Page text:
• There is a shortage of drinking water; workers are frequently getting ill from drinking the dirty water provided.
• Employer-owned labor camps where workers are forced to live frequently do not have electricity or running water.
• Construction workers toil 14 hour workdays with heavy debt and few to no breaks during midday heat.
• Over the years as this tower was being built, the workers struggled a number of times.
• 2004 – Workers protested at the Ministry of Labour only to be oppressed by the police and threatened with mass deportations.
• September 2005 – largest worker protest and strike in United Arab Emirates history.
• March 2006 – Approximately 2,500 workers were waiting for buses to take them back to their living quarters at the end of the day when guards began to harass them. The workers fought back smashing company cars, computer and construction equipment; inflicting approximately $1 million in damage. Workers at the nearby Burj Dubai airport laid down their tools and held a strike in support of these workers. The following day the Burj Dubai workers strike against employer demanding better wages, better medical care and improved treatment from their foremen.
• June 2007 – A worker fell to his death from the 130th floor to the 108th floor.
• October 2007 – Four thousand workers are imprisoned for 6 months and then deported for involvement in a protest demanding better pay and working conditions.
• November 2007 – bridge collapses at a construction site killing 7 and injuring 15 workers
• December 2009 – an Indian family of three committed suicide due to their financial misery in Dubai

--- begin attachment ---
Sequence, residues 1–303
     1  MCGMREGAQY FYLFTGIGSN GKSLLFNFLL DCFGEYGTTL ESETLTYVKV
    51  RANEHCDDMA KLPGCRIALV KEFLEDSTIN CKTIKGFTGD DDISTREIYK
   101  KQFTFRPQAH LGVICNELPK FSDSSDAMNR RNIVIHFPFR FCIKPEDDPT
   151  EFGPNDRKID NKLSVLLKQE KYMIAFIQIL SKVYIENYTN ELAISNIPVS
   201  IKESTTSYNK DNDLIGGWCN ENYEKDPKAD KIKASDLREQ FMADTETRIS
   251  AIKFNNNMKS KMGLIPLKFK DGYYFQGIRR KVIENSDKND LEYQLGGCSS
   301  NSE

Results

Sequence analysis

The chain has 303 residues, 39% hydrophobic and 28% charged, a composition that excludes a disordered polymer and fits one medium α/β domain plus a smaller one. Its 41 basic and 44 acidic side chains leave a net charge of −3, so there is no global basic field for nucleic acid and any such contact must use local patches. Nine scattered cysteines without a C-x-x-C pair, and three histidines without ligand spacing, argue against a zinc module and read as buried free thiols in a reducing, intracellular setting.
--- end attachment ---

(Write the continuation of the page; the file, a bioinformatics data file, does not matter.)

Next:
• January 2010 – a Sri Lankan hotel employee committed suicide; he had been having problems with company management over his end-of-service agreements and his air ticket back home.
The Burj Khalifa is a notorious example among many of the exploitative system of capitalism, at the heart of it the necessity of the working class to work for wages. The luxury for the rich in this tower was built with the sweat and blood of the working class. While there have been many criticisms of the treatment of the pitifully-paid workers, these do not go far enough. It does not take long to dig to the root of the issue here; capitalism is the system that facilitates the exploitation of workers for profits. As long as there is a constant struggle between capital and labour, a working class resistance ensues. In the case of the Burj Khalifa, this white elephant is a clear example of capitalist exploitation and that its foundation of wage-labour is the offender. With billions unemployed around the world, it is no wonder at all, that millions migrate to any job at all, desperate to eke out a living. Figuratively speaking, even the doormats at this “beacon of the Middle East” are probably worth more than the labour power of these workers. The demands of the workers over the period of building the Burj Khalifa were a spit in the ocean compared to the wealth of the ruling class who financed this project, however, it is vital to consider that these workers were working and living not only in physically deplorable conditions but were at the mercy of their employers who often withheld their pay, held onto their passports and repeatedly threatened deportation; and despite all of this intimidation, the anger of the workers surfaced and exploded. As capital morphs and tyrannizes, so too the working class must connect and fight back against a system that enslaves them to wages.